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BertF 1 August 2009 15:15

Eino Tubin Besegra Utan Strid

Several years ago Psywar specialist Ulf Gunnarsson wanted to do a Swedish-language book on psychological warfare and I volunteered to help him. He died shortly afterwards so we never completed that project. More recently, I was contacted by Eino Tubin for permission to use some text and images from my various articles for a book on psychological warfare that he was writing entitled Besegra Utan Strid (“Subdue without Fighting”). Although I don’t read Swedish I can make out enough of the text to give a general report for those who might consider purchasing this book.

The book contains 376 pages and is heavily illustrated with photographs from the website. There are 22 chapters covering almost every recent war and psychological campaign from the last 100 years. The book begins with the history of PSYOP, continues with WWI, WWII, and also has numerous chapters on themes such as Sefton Delmer, radio, sex, leaflet bombs, etc. There are sections on camouflage, atrocities, the Korean War, Malaya, and Vietnam. The book ends with recent wars such as Iraq and Afghanistan. Tubin appears to have touched all the bases and the book would seem to be an excellent primer for the student of psychological warfare; He ends with a short English-language summary of the book.

BertF 1 August 2009 15:24

I hope I have not bored you all with these reviews. I have reviewed PSYOP books for years for several groups and I had a bunch of the old reviews still in memory. I thought that as long as they were just sitting there I would share some of them with you.

Psi Brr 1 August 2009 17:16

Actually, this stuff is pretty cool.

JCasp 2 August 2009 03:27

The Apostle - Brad Thor

Liked a couple of his other books. Thought The Last Patriot was pretty great (cheap thrills fiction kind of way). This one is pure trash. It's like he spent every moment since Nov 4th thinking up a way to spit out a book as fast as possible that would trash Obama while having the normal "spec-ops" storyline be a mere sideshow. Strongly disappointed and way too preachy. I mean fuck, I even agree with his political view on a lot of points and I hated the book. I always read before I go to bed, and I prefer war and guns and the like. This didn't have any of it. If you're writing a book thats a followup to your 5 previous fiction high-octane guns blazing books, then fucking write it that way. If you want to bitch about the president, go on Glenn Beck or some shit.

theWookie 2 August 2009 06:55

I recently finished Desperate Lands -The War on Terror Through the Eyes of a Special Forces Soldier, by Regulo Zapata, Jr. He is a retired Master Sergeant, SOF soldier, working with an ODA in Afghanistan back around 2003. Very good book, easy read and filled with lots of pictures. :cool:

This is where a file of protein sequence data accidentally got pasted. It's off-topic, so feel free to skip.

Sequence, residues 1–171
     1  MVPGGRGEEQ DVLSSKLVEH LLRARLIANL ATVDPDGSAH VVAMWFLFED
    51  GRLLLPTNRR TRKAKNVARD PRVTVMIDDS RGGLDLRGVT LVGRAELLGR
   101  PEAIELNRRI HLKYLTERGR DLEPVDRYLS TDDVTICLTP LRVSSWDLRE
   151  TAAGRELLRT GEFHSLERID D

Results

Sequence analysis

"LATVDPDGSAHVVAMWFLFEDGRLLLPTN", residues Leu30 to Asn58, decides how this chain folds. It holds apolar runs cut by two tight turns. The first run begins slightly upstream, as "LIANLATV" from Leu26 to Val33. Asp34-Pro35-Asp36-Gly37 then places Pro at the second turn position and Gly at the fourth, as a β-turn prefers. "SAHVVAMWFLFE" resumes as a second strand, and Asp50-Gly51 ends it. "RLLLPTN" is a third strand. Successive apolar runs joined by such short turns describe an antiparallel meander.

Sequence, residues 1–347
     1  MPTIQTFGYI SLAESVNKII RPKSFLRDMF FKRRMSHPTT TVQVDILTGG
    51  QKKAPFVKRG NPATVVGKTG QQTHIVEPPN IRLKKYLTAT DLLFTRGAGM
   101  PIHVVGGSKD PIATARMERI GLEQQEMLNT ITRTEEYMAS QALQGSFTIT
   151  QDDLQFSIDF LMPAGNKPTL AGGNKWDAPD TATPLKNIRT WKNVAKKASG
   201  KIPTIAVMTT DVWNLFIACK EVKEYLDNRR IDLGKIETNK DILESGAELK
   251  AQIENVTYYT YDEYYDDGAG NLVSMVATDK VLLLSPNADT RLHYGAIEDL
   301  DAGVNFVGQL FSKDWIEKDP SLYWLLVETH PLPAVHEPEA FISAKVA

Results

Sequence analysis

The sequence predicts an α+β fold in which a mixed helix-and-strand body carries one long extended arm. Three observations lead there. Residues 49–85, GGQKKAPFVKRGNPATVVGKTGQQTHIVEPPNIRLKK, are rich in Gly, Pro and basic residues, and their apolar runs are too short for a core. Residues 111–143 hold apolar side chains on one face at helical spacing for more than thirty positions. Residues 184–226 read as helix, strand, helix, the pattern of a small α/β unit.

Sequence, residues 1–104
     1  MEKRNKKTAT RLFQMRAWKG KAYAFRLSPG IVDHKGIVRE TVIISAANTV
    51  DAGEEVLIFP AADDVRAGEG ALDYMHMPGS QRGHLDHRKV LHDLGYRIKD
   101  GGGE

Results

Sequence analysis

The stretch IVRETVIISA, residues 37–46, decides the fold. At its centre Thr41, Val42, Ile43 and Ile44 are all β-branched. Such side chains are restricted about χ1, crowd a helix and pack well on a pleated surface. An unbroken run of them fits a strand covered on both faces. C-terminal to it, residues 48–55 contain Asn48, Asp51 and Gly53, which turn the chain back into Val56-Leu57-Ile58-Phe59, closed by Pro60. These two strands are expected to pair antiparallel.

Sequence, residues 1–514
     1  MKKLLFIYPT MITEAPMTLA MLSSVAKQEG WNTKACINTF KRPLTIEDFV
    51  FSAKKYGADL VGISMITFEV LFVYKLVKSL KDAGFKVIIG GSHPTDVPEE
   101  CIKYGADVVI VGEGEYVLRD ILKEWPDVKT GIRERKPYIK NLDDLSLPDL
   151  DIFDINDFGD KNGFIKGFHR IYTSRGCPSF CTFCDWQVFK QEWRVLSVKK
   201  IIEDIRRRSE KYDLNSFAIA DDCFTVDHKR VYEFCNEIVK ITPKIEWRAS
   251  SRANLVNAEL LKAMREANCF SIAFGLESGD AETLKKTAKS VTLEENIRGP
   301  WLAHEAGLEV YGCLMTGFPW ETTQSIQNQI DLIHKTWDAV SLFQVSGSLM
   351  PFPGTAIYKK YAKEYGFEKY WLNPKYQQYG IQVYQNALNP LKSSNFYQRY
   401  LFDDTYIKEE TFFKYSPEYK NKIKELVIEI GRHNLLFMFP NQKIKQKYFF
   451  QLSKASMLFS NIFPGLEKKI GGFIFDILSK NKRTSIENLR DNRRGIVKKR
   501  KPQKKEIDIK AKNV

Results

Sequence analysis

It gives you a firsthand look behind the headlines at the reality of the exceptional and difficult challenges US Army SOF face as they defend Americans against the terrorist threat.

Highly reccomend it.

Thisguy 2 August 2009 13:31

I just finished One Bullet Away, The Making of a Marine Officer by Nathaniel Fick and am currently midway through Generation Kill by Evan Wright. I watched the Generation Kill miniseries on HBO which was based on the book and was intrigued to read these two books.

CPT Fick's first hand account of being a platoon leader in a recon battalion during the invasion of Iraq in 2003 is well written and extremely interesting (he was a 2LT at the time). Just a few years before the invasion Fick was a Classics major at Dartmouth which was mind blowing to me when I first learned of that. While all of his friends were going to work on Wall Street or going to medical school he was defending this nation's freedom. A remarkable story indeed.

Evan Wright was a reporter for Rolling Stone magazine and wrote Generation Kill about being embedded with the recon Marines that Fick was leading in the invasion of Iraq. He provides a very detailed account of the diversity of the men he was with and their thoughts and feelings towards the American invasion of Mesopotamia and the role they were playing in it.

Both books were well written and provide a very interesting insight into what it was like for those men being among the first combat troops during the invasion.

BlackDragonUSMC 2 August 2009 19:14

Currently reading several books at once:

~Army/Marine Corps Counter Insurgency Field Manual
~Afghan Guerrilla Warfare
~Gears of War- Jacinto's Remnant (Karen Traviss is actually a very good military-fiction writer).


_4_ 18 August 2009 22:30

Ghost Wars. Seems extensive and I just finished Horse Soldiers.

The_Dirty_Name 24 August 2009 01:24

"Born to Run"

It's about running.

The writer becomes interested why he is so injury prone with his casual running. His questions lead him to Mexico to study and learn about the culture of the Tarahumara natives.

This book has great sports medicine, history, socialology, anthropology, adventure, great ultra-marathon race history, running kinisology, evolution, nutrition; all centered around man and running.